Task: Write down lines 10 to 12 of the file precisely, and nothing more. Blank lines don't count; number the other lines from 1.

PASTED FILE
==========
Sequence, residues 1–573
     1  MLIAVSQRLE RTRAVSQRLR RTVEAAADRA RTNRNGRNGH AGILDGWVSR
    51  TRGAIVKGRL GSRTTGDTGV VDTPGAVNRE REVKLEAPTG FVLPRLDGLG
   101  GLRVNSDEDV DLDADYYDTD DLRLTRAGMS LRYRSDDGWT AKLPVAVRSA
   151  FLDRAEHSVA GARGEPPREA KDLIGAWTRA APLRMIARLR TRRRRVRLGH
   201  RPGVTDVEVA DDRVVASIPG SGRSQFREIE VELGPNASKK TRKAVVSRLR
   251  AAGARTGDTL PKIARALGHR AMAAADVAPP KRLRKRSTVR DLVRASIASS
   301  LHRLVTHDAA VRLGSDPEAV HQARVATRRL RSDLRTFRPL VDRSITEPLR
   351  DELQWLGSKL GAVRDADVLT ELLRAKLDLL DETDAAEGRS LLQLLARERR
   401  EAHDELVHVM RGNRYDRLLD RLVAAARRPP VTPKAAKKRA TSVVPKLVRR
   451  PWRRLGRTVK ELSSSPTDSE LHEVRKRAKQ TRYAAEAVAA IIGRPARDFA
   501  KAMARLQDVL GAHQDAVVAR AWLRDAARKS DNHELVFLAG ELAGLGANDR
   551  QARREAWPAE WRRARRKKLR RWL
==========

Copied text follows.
   401  EAHDELVHVM RGNRYDRLLD RLVAAARRPP VTPKAAKKRA TSVVPKLVRR
   451  PWRRLGRTVK ELSSSPTDSE LHEVRKRAKQ TRYAAEAVAA IIGRPARDFA
   501  KAMARLQDVL GAHQDAVVAR AWLRDAARKS DNHELVFLAG ELAGLGANDR